Bicentennial Events – October and November 1810

Archives sent to JMU, Montpelier and Madison scholars:
With great joy and enthusiasm, I am very happy to announce that there are two Madison 1810 bicentennials coming up here in the next couple weeks in October and November for us to notably recognize.
I am thrilled to continue these Madison bicentennial messages, now with my JMU email:) Please feel free to pass this on to those of your aquaintance to whom you feel would enjoy this:)
Bicentennials of James Madison’s Presidency, Oct. and Nov. of 1810 –
Oct. 27th, 1810 :
President James Madison announces the United States annexation and military occupation of the western region of Spanish West Florida. The annexed area, between the Mississippi River and the Perdido River, is declared part of the Territory of Orleans, which will become the state of Louisiana in 1812.
Nov. 2nd, 1810 :
Believing that the Milan and Berlin Degrees, which legalize French interference with neutral shipping, have actually been rescinded by Napoleon Bonaparte as stated in the Cadone letter of August 5th, President James Madison releases a proclaimation reinstating American trade with France and forbidding American trade with Great Britain, effective as of February 2nd, 1811 (next year), if the British do not withdraw their Orders in Council within three months. But unfortunately, Madison has been misled by the French, as the French continue to harass American shipping. The Americans will remain unaware of this deception until September 1811, and meanwhile this American move results in an intensification of hostilities between the United States and Great Britain.
Other 1810 news, just for fun :
In the third national census, the United States population is recorded at 7,239, 881, marking a gain of nearly 2 million inhabitants, or 36.4 percent since 1800. Of this total, 1,378,110 Americans are blacks and all but 186,746 of those are slaves. With the 1803 admission of Ohio, the number of states in the Union has reached 17.
This year has been a very life changing one, not only for myself, but also for our young nation and President Madison as our Executive 200 years ago.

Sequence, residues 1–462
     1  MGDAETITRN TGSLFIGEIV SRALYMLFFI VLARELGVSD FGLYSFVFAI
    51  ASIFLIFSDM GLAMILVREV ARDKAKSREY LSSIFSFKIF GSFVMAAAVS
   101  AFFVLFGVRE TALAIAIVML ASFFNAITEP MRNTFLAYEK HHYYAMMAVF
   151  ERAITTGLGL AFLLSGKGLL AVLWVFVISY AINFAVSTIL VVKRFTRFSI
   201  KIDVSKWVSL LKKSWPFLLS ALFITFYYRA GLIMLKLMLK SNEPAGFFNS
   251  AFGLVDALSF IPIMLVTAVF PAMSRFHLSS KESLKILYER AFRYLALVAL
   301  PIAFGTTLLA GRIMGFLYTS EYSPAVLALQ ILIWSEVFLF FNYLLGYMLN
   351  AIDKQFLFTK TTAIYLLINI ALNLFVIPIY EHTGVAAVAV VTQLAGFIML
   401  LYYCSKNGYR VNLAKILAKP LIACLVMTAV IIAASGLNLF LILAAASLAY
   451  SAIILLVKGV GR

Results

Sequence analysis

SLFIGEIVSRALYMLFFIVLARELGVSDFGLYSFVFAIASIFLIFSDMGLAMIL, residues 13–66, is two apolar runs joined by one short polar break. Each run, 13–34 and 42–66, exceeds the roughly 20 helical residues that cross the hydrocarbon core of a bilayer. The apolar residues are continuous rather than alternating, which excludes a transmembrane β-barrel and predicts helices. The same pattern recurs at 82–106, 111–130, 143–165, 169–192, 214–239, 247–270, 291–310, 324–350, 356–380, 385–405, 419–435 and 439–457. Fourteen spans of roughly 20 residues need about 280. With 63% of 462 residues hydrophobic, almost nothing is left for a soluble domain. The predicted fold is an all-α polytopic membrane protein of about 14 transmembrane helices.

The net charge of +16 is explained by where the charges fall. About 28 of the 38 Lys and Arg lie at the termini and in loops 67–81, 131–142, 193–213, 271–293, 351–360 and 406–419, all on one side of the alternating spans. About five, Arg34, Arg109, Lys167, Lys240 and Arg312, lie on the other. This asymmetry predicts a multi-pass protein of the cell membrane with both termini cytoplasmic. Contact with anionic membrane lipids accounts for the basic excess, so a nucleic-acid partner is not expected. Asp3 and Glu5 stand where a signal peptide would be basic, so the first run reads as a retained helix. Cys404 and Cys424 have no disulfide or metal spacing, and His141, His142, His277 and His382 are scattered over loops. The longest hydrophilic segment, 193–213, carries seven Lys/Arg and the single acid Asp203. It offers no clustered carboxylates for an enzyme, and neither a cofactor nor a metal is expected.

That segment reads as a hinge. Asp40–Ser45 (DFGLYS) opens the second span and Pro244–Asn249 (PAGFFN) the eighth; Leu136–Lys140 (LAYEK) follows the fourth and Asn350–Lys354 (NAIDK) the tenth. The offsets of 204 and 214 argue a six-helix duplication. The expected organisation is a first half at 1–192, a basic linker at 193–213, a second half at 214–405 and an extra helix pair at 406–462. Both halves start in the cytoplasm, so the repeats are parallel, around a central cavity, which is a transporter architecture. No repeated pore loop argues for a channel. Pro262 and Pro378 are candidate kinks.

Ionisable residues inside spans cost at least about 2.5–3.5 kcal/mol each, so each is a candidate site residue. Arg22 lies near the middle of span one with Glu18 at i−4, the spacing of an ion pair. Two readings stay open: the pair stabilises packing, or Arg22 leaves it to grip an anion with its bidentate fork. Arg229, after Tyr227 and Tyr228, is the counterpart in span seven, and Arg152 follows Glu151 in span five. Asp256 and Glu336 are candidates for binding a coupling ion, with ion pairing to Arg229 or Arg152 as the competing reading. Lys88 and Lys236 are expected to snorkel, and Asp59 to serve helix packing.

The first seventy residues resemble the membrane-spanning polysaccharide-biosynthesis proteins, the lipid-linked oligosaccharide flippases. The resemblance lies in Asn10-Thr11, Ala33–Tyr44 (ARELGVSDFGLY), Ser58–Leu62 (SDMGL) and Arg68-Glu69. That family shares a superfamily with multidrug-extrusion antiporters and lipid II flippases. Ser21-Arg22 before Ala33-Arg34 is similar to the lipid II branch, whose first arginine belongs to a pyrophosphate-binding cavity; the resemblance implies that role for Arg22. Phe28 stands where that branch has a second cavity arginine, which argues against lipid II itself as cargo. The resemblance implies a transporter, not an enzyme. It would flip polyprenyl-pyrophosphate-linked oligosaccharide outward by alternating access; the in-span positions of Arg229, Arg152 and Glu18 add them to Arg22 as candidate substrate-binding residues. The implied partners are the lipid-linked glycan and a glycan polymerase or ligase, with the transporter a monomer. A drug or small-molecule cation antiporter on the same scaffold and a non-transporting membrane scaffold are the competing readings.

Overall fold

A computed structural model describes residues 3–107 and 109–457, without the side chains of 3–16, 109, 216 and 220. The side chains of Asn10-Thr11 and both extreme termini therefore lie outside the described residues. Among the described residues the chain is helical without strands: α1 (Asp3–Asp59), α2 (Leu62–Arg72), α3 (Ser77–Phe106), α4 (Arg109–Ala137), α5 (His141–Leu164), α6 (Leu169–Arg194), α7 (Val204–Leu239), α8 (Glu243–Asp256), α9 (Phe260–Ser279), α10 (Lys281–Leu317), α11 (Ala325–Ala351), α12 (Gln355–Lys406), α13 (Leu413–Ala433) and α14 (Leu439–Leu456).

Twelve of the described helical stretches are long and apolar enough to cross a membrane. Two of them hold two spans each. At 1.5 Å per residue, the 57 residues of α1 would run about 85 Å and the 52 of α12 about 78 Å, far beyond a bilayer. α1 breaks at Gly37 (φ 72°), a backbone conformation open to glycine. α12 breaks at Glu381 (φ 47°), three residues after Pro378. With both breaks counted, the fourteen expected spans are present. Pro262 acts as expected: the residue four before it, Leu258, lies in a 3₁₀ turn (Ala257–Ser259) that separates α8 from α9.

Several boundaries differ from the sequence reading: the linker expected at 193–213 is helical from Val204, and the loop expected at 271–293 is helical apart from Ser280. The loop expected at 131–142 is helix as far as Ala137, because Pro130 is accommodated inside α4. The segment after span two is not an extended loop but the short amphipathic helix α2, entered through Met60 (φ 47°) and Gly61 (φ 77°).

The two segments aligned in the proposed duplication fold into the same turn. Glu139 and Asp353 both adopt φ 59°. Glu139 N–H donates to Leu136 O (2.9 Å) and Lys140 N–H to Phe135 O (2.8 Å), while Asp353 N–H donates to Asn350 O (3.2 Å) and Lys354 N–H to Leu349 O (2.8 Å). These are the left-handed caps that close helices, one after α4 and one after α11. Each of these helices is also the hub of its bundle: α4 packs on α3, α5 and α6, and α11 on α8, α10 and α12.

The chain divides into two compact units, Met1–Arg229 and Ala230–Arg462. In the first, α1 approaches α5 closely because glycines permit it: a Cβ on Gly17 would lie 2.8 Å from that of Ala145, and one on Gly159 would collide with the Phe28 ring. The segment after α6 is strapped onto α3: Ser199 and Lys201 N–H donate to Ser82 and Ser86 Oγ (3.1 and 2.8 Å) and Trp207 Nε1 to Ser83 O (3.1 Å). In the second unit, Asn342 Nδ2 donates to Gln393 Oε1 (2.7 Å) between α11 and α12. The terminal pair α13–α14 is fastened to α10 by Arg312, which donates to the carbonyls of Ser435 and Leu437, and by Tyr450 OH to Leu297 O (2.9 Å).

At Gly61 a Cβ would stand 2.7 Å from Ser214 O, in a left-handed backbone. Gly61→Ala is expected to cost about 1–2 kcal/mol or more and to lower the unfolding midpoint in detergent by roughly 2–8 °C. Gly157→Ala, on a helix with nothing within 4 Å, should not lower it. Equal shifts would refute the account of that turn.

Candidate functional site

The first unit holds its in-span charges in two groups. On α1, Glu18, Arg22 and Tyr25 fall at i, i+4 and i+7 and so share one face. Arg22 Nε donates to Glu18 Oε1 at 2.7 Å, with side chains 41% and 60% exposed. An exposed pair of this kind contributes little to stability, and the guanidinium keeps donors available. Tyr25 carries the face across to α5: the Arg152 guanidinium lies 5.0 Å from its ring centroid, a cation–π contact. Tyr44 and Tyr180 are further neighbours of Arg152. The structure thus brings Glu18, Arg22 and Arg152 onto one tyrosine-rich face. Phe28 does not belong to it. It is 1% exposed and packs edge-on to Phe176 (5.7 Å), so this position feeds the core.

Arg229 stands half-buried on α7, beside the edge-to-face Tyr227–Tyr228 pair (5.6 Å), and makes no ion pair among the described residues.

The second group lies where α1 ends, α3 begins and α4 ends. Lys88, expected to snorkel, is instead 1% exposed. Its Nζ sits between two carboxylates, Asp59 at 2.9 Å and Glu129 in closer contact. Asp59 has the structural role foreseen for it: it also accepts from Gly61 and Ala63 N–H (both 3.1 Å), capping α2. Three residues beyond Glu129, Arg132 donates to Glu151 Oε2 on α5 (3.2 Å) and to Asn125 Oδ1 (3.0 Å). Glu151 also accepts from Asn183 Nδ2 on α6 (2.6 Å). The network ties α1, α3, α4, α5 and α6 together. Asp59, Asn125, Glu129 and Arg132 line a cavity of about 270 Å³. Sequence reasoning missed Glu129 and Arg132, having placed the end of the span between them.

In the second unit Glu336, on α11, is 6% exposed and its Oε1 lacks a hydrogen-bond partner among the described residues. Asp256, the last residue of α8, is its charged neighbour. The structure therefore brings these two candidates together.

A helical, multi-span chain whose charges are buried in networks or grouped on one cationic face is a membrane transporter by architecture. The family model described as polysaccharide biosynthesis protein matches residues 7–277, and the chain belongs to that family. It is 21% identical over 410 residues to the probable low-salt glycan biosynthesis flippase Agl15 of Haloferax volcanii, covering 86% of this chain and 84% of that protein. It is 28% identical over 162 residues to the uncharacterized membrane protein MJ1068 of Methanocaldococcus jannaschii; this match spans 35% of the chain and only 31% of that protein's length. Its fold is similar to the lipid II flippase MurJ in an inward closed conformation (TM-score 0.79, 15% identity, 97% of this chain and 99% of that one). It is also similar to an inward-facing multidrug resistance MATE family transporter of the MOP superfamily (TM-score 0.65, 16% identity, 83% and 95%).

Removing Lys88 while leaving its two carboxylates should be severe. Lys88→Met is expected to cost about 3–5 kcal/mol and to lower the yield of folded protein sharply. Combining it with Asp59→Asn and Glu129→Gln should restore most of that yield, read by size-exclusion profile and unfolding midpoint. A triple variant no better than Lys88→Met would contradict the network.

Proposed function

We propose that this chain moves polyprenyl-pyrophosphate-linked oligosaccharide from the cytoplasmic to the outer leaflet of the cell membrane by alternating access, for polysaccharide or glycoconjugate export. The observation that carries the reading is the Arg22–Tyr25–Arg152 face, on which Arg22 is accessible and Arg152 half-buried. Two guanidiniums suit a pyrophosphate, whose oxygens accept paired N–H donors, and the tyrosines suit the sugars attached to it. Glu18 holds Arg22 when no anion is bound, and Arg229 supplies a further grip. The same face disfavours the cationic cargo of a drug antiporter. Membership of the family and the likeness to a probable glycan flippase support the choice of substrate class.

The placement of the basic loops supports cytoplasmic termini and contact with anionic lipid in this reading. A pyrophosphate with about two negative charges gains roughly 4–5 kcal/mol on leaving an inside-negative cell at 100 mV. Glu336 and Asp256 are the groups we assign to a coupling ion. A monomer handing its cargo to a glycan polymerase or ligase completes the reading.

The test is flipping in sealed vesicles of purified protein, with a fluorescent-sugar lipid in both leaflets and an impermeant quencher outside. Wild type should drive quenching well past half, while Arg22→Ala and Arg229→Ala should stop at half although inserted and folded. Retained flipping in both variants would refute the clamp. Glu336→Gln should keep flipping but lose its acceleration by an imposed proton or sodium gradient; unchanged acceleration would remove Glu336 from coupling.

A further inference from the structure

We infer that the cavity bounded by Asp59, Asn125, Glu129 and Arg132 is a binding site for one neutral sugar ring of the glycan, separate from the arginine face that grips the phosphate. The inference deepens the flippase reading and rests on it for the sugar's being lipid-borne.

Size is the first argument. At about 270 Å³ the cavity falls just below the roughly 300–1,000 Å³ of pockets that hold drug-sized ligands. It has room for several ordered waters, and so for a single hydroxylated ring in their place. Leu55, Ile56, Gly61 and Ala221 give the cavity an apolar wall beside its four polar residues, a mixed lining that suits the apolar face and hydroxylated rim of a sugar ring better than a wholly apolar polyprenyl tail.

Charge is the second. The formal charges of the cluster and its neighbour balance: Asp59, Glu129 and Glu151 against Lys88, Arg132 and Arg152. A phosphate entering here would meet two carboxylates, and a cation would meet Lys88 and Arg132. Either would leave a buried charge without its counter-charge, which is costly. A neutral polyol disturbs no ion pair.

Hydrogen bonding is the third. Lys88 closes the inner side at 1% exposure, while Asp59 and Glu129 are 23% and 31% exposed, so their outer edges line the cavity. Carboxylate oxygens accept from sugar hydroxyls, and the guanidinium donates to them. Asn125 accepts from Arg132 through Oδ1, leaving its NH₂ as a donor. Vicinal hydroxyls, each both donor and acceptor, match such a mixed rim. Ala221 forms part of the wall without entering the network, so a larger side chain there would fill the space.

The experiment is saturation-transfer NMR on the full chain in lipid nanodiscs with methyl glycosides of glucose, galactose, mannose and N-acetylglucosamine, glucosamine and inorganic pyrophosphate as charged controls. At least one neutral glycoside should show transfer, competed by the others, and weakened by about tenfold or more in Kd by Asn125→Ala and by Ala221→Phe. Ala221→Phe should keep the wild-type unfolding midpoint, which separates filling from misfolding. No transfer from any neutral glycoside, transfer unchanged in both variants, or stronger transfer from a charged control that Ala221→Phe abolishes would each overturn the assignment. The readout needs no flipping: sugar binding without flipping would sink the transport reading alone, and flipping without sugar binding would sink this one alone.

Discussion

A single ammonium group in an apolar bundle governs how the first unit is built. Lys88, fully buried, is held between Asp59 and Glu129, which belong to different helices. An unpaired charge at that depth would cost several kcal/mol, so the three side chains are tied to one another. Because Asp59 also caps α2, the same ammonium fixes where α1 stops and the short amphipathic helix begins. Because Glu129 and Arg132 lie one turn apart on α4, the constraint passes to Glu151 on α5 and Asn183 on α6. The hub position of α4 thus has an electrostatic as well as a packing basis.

I hope that this message reaches you and marks the beginning of your week this week as something special as we remember and commemorate Oct. 27th (this Wednesday) and Nov. 2nd (next Tuesday) as influential markers in Madison’s bicentennial presidency.
Most Sincerely, I wish you all the best and nod to each of you in Utmost Respect and Gratitude and hope that you will accept the Humility of Yr. Obt. Srvt. and Devoted Madisonian,
Sarah Everett
“Let me recommend the best Medicine in the World: a long Journey, at a mild Season, thro’ a pleasant Country, in easy Stages,” – James Madison
“What spectacle can be more edifying, or more seasonable, than that of Liberty and Learning, each leaning on the other, for their mutual and surest support?” – James Madison
“Knowledge will forever govern ignorance: and a people who mean to be their own governors must arm themselves with the power which knowledge gives,” – James Madison

About presidentjamesmadison

I am a devoted follower of Jesus Christ, and a fervent scholar and interpreter of our 4th President and Father of the US Constitution, James Madison I have been studying James Madison meticulously and abundantly for over 5 years. I've studied just about every book about him (secondary resources), and read his writings often (primary resources). I continue to study with a passion and devotion that I still am trying to understand in humility, as it grows greater daily:) I believe that my passion for Madison is a gift from God. I will use it for the rest of my life to give God all the glory and honor, and to continue to uplift James Madison's legacy at James Madison University, James Madison's Montpelier, and throughout the nation. I am flattered to have become JMU's unofficial interpreter of James Madison. I represent him at events/programs/presentations/debates quite frequently, as I resemble Madison exactly, via height, weight, lifestyle, views, personality, and facial feature.
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